Tuesday, May 21, 2013

Review: Big Boi & Killer Mike at the House of Blues

The last 2 weeks have been a blur for me. Got to witness my sister receive her law degree in Atlanta and my mother get her doctorate in Educational Leadership in the same week. To end it all, I returned to Atlanta somewhat when I went to go see Killer Mike and Big Boi at the House of Blues.
I hadn't been to the HOB on Sunset since 2007 when I interviewed Chuck D and sadly had to leave before Public Enemy took the stage. Yes, I chose a date over seeing PE up close and personal but if it makes you feel better, I had seen them a week prior at Rock the Bells.

Anyways, I got there right before an opening act started. Fishhawk was a pretty cool band but the sound made it hard to appreciate them until their last two songs. Their lead singer definitely was a character on stage with his curly hair and stage antics but I dug their sound. I may give them a listen on Spotify to see more.

Then it was time for Killer Mike. Soon as I heard the opening seconds of "God is In the Building" Mike came out spitting his opening verse from "Big Beast", the lead single from last year's "R.A.P. Music."

It was on from there as Mike's booming voice raced through the album, hitting on tracks like "Ghetto Gospel" and "Don't Die". With only a DJ behind him, he let his voice and oversized persona carry the show. Having never seen him before, I was impressed and hearing El-P's production in surround sound only added to the fury of his lyrics.

It's funny that Mike said at one point, "Y'all didn't think you were getting an Ice Cube show, did you?" To me, as a diehard Cube fan, Mike's the closest thing we have to early 90's Cube - an MC with the voice and presence to say what he feels without fear.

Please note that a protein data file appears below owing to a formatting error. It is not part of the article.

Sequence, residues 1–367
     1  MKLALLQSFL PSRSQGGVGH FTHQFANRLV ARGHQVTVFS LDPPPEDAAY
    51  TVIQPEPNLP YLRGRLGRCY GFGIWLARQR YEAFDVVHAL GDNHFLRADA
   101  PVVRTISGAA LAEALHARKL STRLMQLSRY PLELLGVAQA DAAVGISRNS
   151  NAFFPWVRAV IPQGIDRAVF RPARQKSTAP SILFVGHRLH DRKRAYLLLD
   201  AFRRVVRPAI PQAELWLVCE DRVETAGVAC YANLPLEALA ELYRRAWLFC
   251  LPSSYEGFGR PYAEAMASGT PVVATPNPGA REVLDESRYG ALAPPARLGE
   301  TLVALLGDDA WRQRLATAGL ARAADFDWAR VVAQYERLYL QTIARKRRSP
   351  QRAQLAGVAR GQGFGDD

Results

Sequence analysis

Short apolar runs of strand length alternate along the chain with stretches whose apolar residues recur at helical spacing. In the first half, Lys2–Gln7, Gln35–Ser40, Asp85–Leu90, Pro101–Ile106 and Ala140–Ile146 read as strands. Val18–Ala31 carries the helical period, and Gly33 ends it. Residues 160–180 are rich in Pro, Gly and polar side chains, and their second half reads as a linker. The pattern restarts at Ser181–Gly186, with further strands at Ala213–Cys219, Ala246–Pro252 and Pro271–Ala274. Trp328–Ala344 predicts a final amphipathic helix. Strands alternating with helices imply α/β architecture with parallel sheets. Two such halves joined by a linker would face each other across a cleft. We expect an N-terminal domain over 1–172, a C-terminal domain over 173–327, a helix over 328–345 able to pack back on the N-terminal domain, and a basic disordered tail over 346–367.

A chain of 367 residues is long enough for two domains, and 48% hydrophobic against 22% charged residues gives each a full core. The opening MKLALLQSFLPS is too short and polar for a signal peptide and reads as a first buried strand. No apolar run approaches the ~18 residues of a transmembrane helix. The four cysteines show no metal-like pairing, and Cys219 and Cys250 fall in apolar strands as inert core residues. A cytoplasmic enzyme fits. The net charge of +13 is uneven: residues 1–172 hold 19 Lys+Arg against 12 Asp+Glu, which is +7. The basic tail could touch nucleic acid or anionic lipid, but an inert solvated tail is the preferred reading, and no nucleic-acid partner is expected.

He showed that when he broke into his verse from "Never Scared" and had the whole crowd going nuts like that song was recent instead of 10 years old. He showed it also when he told the NFL rookies in the building to invest their money wisely in the community.

When it came time to do "Reagan", his critical ode to our 40th President as well as the government/inner city, he surprised me by doing it acapella. Every word came out clear and being that California is Reagan's home state, I took pride in hearing Mike say every word since Reagan's legacy continues to be exposed every year.

He mostly performed songs from "RAP Music" but dipped into "Ric Flair" from 2011's "Pl3dge"
Before he ended his set, he preachws to the crowd about how he's never been afraid to mention God in his records. That brought it back to him doing the first verse of "God is in the Building" and he did it again acapella among the crowd.

For a bombastic set that felt intimate and personal, that was the perfect ending. After a brief interlude, we got ready for Big Boi.

One thing you need to know about a Big Boi show. 1) There's a live band, 2) There will be dancing, 3) The set list isn't predictable - meaning biggest hits aren't going last.